(White) Reflections on Marching with #BlackLivesMatter
On Sunday I joined more than 2,000 of my brothers and sisters in a march and rally for #BlackLivesMatter in Oklahoma City. I went in solidarity with my sisters and brothers who experience systemic racism, discrimination, and oppression because they are black. This experience is completely foreign to mine, and is never something that I can "understand." It is merely a reality that I oppose in the name of the Triune God on behalf of my black fellow-bearers of the Image of God.
The gathering was large, hot, incredibly organized, peaceful, and perhaps most importantly, unapologetic in its demands for justice and the cessation of violence.
As a straight, white, married, middle-class man, this would seem to be the place where I would feel out of place. And at a different time in my life I wouldn't have been antagonistic to such a gathering, but I would have been uneasy. But in this movement, if you are human, you are family. I saw an incredible level of care, mutual concern, and respect for others. When counter-protestors showed up the rally was stopped. The leaders assumed the microphone and reminded everyone that they had a right to be present, that we were here for our cause, and that the OKCPD and others who were there to serve and protect would resolve the situation. Level-headed, respectful, and even acknowledging our differences. Just one of the many moments where the fruits of the Spirit were on full display. There was intimate care and concern to accommodate anyone who wanted to be present. Water was donated and chilled in advance, a medical staff was on hand for heat exhaustion, chairs were brought for the elderly, disabled, and pregnant women. Each time someone would succumb to the heat the entire gathering came to an immediate halt until the medical team was able to arrive. We sat in silence and solidarity with our brothers and sisters who were with us no matter the toll on their bodies.
Some have commented to me through social media (though interestingly not in person!) that their opinion of #BlackLivesMatter was that it was divisive and potentially explosive (and a couple even suggested it was racist!). While there were a couple of moments early on where some individual tempers flared (and rightly so at such hatred and injustice!!) they were quickly reminded by their fellow participants that such behavior was contrary to our mutual commitment to solidarity, peace, and lasting, life-changing transformation of our community, city, state, and nation.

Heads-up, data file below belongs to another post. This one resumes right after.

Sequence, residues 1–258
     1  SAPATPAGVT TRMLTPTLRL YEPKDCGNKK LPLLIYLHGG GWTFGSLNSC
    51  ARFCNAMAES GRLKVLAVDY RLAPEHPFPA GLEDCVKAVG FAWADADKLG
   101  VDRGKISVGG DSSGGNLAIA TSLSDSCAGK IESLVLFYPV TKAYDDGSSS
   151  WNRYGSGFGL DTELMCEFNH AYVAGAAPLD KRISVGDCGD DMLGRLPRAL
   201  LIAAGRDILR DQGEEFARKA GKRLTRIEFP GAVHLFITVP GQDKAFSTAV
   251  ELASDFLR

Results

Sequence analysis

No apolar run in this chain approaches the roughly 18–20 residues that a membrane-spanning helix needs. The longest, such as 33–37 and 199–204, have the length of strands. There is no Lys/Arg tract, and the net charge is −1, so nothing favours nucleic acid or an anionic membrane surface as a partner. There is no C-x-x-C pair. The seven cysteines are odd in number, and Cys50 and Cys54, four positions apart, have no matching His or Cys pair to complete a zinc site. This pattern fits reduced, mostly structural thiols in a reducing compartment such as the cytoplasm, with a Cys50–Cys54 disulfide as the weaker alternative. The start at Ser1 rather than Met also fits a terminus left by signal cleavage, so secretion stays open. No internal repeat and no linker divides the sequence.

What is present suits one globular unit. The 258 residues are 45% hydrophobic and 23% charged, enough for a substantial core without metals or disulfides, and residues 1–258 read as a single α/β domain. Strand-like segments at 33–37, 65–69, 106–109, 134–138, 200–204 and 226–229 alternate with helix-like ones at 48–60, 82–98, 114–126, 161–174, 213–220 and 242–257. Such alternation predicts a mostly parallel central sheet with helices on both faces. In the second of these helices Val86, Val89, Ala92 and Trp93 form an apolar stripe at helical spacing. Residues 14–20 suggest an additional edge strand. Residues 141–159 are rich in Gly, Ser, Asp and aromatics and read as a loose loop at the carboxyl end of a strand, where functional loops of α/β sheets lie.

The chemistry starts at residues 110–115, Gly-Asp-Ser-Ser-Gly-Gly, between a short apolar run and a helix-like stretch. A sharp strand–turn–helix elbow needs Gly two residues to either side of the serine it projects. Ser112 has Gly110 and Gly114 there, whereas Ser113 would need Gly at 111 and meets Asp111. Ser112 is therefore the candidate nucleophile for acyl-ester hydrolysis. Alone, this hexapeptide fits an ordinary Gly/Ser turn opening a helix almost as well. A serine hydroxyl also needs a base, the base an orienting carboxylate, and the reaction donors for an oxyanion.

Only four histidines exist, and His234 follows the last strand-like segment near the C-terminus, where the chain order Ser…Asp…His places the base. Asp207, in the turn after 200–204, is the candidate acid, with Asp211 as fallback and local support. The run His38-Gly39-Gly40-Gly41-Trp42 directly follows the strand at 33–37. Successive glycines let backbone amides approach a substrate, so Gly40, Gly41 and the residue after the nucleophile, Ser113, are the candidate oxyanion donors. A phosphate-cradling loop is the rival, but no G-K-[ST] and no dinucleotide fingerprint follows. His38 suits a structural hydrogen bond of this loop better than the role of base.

The proof of the effectiveness of our gathering can be seen in a post in the #BlackLivesMatter Facebook event page by one of the counter-protestors who made his presence very well known early in the rally...
As someone who was standing in solidarity with my black sisters and brothers, and who witnessed firsthand this gathering of compassionate, articulate, and unapologetically peaceful and honest people, I offer three observations about my personal experience and my perception of the #BlackLivesMatter movement as a whole.
Sunday's #BlackLivesMatter rally was peaceable, compassionate, and unapologetic about calling for and proposing tangible, practical actions and policies to address systemic racism.
To suggest that this movement is divisive, racist, or condones/welcomes/encourages violence against police or anyone is else is either allowing a third-party to define their narrative or has other more problematic commitments.
The power of #BlackLivesMatter is that it is not a movement of (only) black persons.
I was joined Sunday by people of every race, straight and LGBTQ, Muslims, Christians, Jews, and people of no faith. Young and old, rich and poor. State legislators, pastors, activists, rabbis, imams, moms and dads and little children.
As a theologian, I saw absolutely NOTHING yesterday that was contrary to the fundamental commitments of the Christian faith. (With the exception of the hateful counter-protestors, who all unfortunately, identified themselves as Christians!)
I heard prayers offered for the cessation of violence and hostility, uncompromising calls for justice, affirmation of those in law enforcement (and countless hugs, handshakes, and cold water given to officers), and a level of kindness, compassion, and concern for those around them that I have only witnessed in the immediate aftermath of tragedies. The exception here is that these are the normal actions of #BlackLivesMatter, not the exception.
For those who still wish to malign the movement, or to call into question my unapologetic participation in it I have one important question for you: What are you are doing to make the world less violent, less racist, less unequal, less prejudiced, and more just, more safe, and more beautiful?
If you are actively involved in doing something to these ends then I imagine that we have a great foundation from which to have these very complex, life and death conversations. Our Christian witness demands it.